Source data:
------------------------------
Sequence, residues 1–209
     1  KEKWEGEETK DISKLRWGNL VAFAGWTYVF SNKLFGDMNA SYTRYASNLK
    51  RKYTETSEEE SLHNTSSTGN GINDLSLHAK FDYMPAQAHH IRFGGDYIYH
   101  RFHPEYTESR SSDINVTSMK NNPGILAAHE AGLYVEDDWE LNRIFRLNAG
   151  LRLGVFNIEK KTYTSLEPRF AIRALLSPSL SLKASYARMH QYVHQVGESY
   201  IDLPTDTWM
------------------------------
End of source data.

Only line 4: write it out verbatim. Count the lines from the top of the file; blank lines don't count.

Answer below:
   101  RFHPEYTESR SSDINVTSMK NNPGILAAHE AGLYVEDDWE LNRIFRLNAG